Knock, knock.

I pulled back the large door and stepped into the room. It was early in the morning, just after 6am. She was lying in bed, awake. Her gaunt frame swam within her hospital gown. Her hair was growing back, just longer than a buzz cut. Her cheeks were sunken in. She looked child like on her hospital bed, the evidence of surviving rounds of chemo born out in front of me. She was bracing for a few more.

“Oh, hi. Come in. Let me turn on the light”

I walked to the foot of the bed. The sun had not yet peeked out from under the shades. The room was illuminated by a yellowish-white hospital din as she pressed her button.

“How are you today?”

“So much better than yesterday. I walked around already, a few laps this morning”

I wondered, “Why was yesterday so terrible?”

“Well you see, I have no family and no real friends. My husband left me. I made a co-worker my POA”

I was stopped in my tracks, stunned by her stark reality. While most people walking through cancer’s wrath have a full team of friends and family, she was here – alone.

“I’m a fighter though. I’m going to fight this. I know it’s spread around. I’m so happy I have Dr. X taking care of me though. And you guys. Everyone has been so great. I’m going to fight it”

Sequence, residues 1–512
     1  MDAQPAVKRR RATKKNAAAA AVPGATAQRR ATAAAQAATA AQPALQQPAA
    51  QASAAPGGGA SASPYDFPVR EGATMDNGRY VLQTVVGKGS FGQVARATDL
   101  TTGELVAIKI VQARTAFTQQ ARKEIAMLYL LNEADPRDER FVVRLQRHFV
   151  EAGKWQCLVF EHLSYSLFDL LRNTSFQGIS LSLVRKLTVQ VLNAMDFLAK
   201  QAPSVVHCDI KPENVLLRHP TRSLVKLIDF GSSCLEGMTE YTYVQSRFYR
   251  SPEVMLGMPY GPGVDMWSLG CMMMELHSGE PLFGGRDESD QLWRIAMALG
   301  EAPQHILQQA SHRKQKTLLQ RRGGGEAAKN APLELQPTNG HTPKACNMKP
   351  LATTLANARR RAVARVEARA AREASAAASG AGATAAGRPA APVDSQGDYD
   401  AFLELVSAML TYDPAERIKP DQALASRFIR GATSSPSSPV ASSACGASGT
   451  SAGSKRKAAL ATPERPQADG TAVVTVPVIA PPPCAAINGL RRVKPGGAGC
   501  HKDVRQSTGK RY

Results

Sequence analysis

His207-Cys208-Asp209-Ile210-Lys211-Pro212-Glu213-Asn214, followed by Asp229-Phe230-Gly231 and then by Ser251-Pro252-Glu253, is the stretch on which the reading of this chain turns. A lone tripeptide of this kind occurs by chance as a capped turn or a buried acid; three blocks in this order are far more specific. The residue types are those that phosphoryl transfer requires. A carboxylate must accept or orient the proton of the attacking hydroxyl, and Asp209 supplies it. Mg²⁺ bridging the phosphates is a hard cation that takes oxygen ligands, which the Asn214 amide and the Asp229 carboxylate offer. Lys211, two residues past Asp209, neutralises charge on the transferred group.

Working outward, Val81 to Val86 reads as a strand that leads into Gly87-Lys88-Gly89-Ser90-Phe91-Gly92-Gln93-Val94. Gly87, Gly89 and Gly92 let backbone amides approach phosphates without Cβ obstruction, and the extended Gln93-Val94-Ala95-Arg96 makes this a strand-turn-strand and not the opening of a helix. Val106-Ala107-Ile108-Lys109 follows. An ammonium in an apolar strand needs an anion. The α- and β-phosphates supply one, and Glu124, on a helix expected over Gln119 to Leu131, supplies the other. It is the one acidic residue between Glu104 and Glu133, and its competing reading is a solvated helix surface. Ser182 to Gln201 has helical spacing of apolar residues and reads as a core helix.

I smiled. I was glad to hear she felt supported despite everything going on.

“Are you short of breath? Light headed?…” I asked my list of questions. She was much better than the day before. I knew there were more patients to see. I made sure she had not other questions and turned to leave.

“You know there are two ways physician’s can listen to people”

I turned back around, “How’s that?”

“Well you can listen to converse or listen to understand. Physician’s should really be listening to understand. I feel like Dr. X has understood me”

I paused. I took a few seconds to soak it in. This patient gave me one of the greatest pearls. She reminded me why we are all here in the first place, to understand our patients.

Thank you. Wherever you are now, thank you.  As trainees we are constantly searching for pearls that will help us to serve our patients – past, present, and future. Thank you for keeping me humble and for reminding me how to be a great future physician. Your message will forever be one of my most used pearls.

Photo by Annie Spratt on Unsplash

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